Coronavirus Slams Wide-Moat Nike’s Q4 Results
We do not think the pandemic will have any impact on the power of the brand, the source of our wide moat rating, and think it highlights its e-commerce, which jumped 75% in the quarter.
Nike’s (NKE) (May-ending) fourth quarter of fiscal 2020 was massively impacted by the coronavirus pandemic as most of its stores and those of its wholesale partners in North America, Europe, and other parts of the world were forced to close for about two months. Its 38% sales decline in the quarter was greater than our forecast 29% decline and it reported an operating loss, something that did not even happen during the 2008 financial crisis. Yet, we do not think the pandemic will have any impact on the power of the Nike brand, the source of our wide moat rating, and think it highlights Nike’s e-commerce, which jumped 75% in the quarter and reached about $5.5 billion for the year (about 15% of total). While we expect a slow recovery in fiscal 2021 due to widespread discounting of apparel, sequential growth looks likely as about 90% of Nike’s worldwide stores are now open. We do not expect to make any material change to our per share fair value estimate of $98 on Nike and view shares, which dropped about 4% on the report, as fully valued.
Nike’s sales in greater China increased 1% on a currency-neutral basis as its stores reopened earlier than in other regions and its e-commerce in the region grew 53%. However, sales in both North America and Europe, the Middle East, and Africa dropped a whopping 46%. The large sales declines, inventory obsolescence charges, and order cancelations resulted in a gross margin of just 37.3%, six percentage points below our forecast, and an operating loss of about $800 million (includes $180 million in bad debt expense). As stores were closed, Nike’s year-end inventory increased 31%. Overall, the firm reported an EPS loss of $0.51 in the quarter versus our $0.04 forecast.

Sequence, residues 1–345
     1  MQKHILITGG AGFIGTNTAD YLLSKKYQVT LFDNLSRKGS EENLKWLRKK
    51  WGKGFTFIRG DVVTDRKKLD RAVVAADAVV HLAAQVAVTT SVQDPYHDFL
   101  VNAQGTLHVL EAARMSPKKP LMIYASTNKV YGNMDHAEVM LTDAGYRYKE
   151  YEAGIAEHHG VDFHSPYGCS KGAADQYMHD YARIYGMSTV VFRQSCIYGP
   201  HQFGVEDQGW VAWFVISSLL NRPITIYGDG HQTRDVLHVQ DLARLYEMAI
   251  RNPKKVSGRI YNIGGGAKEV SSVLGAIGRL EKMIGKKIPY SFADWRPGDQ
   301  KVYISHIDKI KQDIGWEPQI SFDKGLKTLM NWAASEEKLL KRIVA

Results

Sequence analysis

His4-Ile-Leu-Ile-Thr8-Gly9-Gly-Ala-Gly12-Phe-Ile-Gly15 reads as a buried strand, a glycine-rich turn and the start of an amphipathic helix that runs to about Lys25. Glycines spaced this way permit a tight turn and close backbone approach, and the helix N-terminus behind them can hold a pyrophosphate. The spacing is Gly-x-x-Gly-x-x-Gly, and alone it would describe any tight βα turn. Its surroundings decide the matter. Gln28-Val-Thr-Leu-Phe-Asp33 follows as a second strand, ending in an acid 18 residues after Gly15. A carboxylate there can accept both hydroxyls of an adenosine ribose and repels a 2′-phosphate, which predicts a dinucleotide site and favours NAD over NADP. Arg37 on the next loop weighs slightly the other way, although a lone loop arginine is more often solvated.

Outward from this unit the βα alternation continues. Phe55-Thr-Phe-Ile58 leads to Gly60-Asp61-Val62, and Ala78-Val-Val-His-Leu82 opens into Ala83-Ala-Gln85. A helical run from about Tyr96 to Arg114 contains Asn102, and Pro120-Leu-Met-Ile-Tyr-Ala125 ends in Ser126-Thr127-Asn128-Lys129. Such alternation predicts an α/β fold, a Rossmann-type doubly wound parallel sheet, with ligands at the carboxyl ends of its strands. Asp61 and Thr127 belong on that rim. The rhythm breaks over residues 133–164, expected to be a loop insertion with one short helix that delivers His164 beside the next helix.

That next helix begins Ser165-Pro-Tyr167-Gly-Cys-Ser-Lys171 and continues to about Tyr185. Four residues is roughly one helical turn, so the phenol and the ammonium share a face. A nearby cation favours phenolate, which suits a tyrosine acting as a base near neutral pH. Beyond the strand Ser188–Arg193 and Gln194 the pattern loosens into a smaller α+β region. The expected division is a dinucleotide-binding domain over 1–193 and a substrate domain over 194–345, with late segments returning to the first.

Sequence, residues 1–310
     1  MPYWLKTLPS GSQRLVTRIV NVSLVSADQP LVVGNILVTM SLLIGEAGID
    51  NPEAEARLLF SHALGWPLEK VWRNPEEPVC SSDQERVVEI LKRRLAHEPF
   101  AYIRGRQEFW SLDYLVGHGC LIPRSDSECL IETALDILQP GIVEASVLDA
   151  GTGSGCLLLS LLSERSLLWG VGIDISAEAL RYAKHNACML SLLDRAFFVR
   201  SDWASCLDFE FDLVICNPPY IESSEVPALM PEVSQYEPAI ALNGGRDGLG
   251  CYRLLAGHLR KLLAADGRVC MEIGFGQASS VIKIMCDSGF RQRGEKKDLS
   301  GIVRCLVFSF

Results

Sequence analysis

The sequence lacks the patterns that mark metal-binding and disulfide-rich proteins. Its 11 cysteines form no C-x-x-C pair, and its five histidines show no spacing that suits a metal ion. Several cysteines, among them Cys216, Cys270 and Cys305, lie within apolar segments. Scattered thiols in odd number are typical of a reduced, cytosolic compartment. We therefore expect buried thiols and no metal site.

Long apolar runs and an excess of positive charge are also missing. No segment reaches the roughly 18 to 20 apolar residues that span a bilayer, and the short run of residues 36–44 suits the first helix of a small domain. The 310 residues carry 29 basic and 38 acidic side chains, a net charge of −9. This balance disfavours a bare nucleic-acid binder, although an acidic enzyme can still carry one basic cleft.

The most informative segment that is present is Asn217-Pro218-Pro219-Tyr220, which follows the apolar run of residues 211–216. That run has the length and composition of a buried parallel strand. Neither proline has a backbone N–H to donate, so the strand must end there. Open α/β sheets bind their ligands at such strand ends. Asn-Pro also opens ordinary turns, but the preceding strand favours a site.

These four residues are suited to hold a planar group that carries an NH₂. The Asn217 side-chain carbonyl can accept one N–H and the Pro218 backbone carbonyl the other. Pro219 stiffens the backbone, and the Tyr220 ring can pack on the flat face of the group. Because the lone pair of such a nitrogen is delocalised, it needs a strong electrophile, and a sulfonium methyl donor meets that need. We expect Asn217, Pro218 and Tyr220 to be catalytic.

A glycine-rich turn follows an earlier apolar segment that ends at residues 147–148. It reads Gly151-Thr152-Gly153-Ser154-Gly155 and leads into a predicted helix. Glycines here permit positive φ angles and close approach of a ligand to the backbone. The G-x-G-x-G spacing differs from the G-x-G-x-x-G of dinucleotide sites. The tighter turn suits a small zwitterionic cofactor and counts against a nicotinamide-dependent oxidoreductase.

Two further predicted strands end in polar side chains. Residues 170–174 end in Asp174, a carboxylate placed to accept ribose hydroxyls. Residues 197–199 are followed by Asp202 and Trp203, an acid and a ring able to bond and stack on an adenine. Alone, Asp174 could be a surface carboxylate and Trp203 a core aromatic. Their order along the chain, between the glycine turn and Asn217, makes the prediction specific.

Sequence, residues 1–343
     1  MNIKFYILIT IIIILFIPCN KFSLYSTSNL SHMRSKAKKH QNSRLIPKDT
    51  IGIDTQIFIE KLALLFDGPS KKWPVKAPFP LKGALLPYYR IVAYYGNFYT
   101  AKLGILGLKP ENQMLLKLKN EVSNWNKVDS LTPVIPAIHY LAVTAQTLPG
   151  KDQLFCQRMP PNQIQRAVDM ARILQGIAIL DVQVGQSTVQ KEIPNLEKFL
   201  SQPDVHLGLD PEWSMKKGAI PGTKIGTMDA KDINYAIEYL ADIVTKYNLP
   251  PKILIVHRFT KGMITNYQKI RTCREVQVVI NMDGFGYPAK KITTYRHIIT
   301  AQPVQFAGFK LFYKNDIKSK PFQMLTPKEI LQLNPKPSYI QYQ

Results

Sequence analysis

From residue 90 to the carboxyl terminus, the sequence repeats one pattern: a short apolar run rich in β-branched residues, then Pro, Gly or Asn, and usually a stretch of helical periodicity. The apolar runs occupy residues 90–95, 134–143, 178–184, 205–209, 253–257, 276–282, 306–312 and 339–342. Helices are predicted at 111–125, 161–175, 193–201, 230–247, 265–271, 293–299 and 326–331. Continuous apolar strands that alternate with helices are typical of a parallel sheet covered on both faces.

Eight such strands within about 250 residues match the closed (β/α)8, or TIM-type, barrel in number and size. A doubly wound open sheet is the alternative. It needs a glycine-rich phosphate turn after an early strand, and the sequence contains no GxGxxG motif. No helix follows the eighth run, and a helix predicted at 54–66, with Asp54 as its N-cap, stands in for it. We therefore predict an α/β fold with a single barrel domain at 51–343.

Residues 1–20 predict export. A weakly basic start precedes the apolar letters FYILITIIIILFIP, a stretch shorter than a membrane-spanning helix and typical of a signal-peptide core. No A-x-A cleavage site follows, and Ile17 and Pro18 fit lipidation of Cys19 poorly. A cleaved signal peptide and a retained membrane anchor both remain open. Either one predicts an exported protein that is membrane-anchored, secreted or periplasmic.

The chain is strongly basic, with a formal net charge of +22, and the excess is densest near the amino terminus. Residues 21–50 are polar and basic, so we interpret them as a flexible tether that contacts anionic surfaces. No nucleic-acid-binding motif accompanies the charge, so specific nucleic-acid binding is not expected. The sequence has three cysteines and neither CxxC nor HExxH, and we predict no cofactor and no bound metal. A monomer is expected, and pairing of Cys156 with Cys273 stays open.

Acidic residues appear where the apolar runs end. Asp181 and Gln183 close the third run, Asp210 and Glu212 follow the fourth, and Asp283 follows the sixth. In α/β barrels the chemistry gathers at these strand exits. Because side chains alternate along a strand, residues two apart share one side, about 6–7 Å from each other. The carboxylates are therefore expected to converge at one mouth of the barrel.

Nike’s recovery from the COVID-19 crisis depends, in part, on the resumption of amateur and professional sports. We are encouraged that the NBA, European football, and other key Nike-sponsored sports have made plans to operate during the pandemic.
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David Swartz does not own shares in any of the securities mentioned above. Find out about Morningstar’s editorial policies.